Glycine was found to significantly reduce the feeling of fatigue the next morning, supporting an improvement in sleep quality by glycine.;Life Extension; Dopamine agonists such as cocaine and methamphetamine (“speed”) have been shown to increase the speed of the internal clock.;Arginine for pain, pain is the hallmark of sickle cell disease, with some patients in pain all of the time. Durk Pearson & Sandy Shaw.;Niacin; Debate in the health community about the benefits of synthetic ingredients (created in a laboratory) in nutritional supplements.

Arginine and Muscle Memory- The “Fountain of Youth?” (Interview with Life Extension Scientists: Durk Pearson & Sandy Shaw)

Life Priority Presents — Durk Pearson and Sandy Shaw’s MUSCLE MEMORY

Dear Customer:

One of the most valuable products offered by Life Priority, Muscle Memory, has been described as “Youth in a Bottle” by the formulators, Durk Pearson and Sandy Shaw. When you use it consistently   before workouts or at bedtime (on an empty stomach), you will experience why this could be your personal fountain of youth.MUSCLE MEMORY – 6 Grams of Arginine for Muscle Enhancement

The enclosed interview will describe the value of using Muscle Memory. In 1991, I began using this formula to increase my strength and endurance, speed up my recovery time, and have less soreness after exercise. The use of Muscle Memory allows you to get the most from your exercise.

For optimum results, use 1-3 servings of Muscle Memory 1 hour before exercise on an empty stomach (avoid eating protein 2-3 hours before work outs) or 1 hour before bedtime. Read label instructions before using Muscle Memory.

Here’s to the Retention of the Youth that is still in you!

Greg Pryor, President Life Priority

____________________________________________________________________

Interview on Muscle Memory with scientists Durk Pearson and Sandy Shaw–

Greg: Durk and Sandy, our customers want to know about the Muscle Memory. Would you explain the formula to our customers and the reasons why you created it? What is growth hormone and how important is it to keep our bodies supplied with nutrients that increase the release of growth hormone?

Durk: Sure Greg, our interest in growth hormone and it’s history goes back a long, long way, to the early ’70s, when we realized that not everything associated with aging was necessarily caused by free radicals and that corrective treatments could go beyond controlling free radicals. Sandy and I became concerned about changes in the neuroendocrine system that occurred with aging. For example, as a woman gets older, one of the obvious changes is menopause. In males, there is a reduction in testosterone. Some of these changes are in response to internal “clocks”; others may be due to random damage, possibly related to free radicals, possibly related to something else, such as receptor loss or down-regulation. One of the most striking changes we noticed was the loss of immune system function with age. A person at age 70 is lucky to have 20% of their T-cell function left compared with when they were a young adult. That’s why pneumonia used to be called “the old man’s friend.” That is, pneumonia would kill you over a period of a few days; whereas something like cancer would kill you over a period of a year, much more miserably.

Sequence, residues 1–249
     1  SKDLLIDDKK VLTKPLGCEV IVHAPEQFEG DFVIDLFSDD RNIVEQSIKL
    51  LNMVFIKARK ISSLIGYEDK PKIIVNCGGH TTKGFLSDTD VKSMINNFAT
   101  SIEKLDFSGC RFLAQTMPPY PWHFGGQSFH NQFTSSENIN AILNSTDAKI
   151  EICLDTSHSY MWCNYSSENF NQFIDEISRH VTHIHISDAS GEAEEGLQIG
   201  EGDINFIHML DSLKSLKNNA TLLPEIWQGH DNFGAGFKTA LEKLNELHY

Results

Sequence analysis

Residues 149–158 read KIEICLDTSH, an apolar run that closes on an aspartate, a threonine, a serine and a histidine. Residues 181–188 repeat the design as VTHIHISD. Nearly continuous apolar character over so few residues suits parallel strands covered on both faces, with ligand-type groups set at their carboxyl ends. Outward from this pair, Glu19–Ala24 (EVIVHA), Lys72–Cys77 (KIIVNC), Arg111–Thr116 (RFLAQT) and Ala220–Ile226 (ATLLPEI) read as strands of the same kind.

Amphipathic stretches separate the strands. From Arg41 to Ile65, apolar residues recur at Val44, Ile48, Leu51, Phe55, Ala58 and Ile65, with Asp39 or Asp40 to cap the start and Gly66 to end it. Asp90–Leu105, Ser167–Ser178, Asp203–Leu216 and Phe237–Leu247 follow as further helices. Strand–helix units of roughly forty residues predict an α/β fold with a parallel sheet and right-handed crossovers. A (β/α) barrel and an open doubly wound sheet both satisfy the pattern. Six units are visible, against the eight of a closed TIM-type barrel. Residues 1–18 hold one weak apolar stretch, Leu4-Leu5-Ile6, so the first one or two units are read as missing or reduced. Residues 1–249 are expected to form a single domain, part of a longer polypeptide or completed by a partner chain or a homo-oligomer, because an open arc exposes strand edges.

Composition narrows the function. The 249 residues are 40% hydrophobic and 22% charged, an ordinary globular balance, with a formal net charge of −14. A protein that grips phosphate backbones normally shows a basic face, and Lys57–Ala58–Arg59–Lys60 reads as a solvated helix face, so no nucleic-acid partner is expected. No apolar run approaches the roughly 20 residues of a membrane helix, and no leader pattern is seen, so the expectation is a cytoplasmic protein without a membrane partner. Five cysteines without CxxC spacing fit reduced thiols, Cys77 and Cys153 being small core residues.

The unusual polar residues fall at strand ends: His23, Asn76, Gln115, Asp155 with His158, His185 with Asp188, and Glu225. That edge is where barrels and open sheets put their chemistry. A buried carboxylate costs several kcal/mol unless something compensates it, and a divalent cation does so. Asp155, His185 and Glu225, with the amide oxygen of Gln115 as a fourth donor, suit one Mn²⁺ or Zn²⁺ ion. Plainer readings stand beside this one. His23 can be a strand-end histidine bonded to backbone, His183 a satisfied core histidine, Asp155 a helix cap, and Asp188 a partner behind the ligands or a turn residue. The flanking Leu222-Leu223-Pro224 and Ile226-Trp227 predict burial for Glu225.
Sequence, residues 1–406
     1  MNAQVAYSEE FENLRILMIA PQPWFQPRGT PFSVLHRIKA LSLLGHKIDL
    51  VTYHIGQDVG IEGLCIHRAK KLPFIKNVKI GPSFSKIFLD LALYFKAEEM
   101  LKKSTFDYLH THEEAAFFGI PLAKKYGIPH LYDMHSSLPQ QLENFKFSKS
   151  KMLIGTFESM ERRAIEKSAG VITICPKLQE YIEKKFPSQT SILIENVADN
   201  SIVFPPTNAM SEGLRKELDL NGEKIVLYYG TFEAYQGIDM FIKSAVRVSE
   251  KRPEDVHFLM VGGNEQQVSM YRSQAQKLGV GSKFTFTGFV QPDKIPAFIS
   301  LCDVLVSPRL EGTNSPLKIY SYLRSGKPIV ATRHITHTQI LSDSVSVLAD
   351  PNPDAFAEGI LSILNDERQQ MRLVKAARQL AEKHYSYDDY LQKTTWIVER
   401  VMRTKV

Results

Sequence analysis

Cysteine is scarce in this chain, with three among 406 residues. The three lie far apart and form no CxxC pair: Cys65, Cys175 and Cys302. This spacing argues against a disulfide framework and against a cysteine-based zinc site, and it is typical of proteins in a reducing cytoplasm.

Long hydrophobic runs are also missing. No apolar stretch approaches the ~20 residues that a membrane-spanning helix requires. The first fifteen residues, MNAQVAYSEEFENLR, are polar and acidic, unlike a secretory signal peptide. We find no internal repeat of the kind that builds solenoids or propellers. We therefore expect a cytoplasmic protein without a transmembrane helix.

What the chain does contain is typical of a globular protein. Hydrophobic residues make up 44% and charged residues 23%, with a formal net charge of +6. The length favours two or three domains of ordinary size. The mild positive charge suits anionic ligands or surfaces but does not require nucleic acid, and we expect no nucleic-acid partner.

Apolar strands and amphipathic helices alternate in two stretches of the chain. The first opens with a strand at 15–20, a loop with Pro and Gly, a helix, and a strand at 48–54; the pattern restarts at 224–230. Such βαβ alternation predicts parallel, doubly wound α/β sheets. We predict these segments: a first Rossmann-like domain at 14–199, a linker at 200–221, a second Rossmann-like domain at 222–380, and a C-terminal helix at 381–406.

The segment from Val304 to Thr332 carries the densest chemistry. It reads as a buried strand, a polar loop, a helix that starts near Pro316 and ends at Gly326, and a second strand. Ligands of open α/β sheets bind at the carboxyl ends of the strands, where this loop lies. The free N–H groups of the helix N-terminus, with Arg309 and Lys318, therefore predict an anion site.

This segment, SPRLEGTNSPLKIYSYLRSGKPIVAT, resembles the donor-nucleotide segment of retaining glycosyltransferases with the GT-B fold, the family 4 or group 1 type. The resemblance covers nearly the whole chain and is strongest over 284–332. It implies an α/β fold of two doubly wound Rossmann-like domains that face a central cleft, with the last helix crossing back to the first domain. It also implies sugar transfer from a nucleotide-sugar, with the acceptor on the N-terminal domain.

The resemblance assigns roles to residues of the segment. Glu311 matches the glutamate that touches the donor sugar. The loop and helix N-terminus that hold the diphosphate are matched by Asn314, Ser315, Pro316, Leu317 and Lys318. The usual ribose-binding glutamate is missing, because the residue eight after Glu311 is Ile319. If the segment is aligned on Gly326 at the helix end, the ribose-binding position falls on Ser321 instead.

Sandy: A case of viral pneumonia might not even stop an otherwise healthy young person from going to work- just make them miserable for a while – and certainly would never put them in the hospital. The same virus could easily kill somebody in their 70’s.

Durk: We also noted that as you get older you start putting on more and more body fat and it becomes harder and harder to put on lean body mass. A potentially disastrous occurrence is the fact that it takes longer and longer for wounds to heal. A wound that would have healed in 5 weeks when you were in your teens or early 20’s might not heal for 5 months when you’re in your 70’s.

Sandy: What we figured out is that all of these changes were consistent with a reduction in the release of human growth hormone.

Durk: Growth hormone (GH) doesn’t make a person grow any taller after they’ve gone through puberty. You just don’t grow any taller after that. However, during our mid-20’s to 30 or so, there’s a big drop in GH output. And that’s when a person begins to find it much more difficult to put on lean body mass by exercising. For example, if a person in their teens or early 20’s does heavy exercise, they will release a relatively large amount of GH from their pituitary. Or if they’re injured, they’ll also release GH. By the time they’re in their 40’s, it takes a heck of an injury to get a good GH release, and exercise will rarely do it anymore.

Sandy: It is possible to improve the response of the GH-releasing system through the use of nutrients, and that’s something that we became interested in during the 1970’s.

Durk: About 1976 we came to the conclusion that it was quite possible that a reduction in GH was responsible for many of the problems of aging, and we got a private grant to do literature research on this. In fact, the private granting foundation asked the person who won the Nobel Prize for sequencing human growth hormone whether he thought our idea had any merit. He said, “Yes, this sounds interesting. Let’s hope they follow up on it.”

So, as we proceeded to read more about it, the more interesting it looked. Our thoughts turned to how you get GH released, because actual human GH was very difficult to come by. Since then, recombinant human GH has made the hormone much more available, although it’s still very expensive.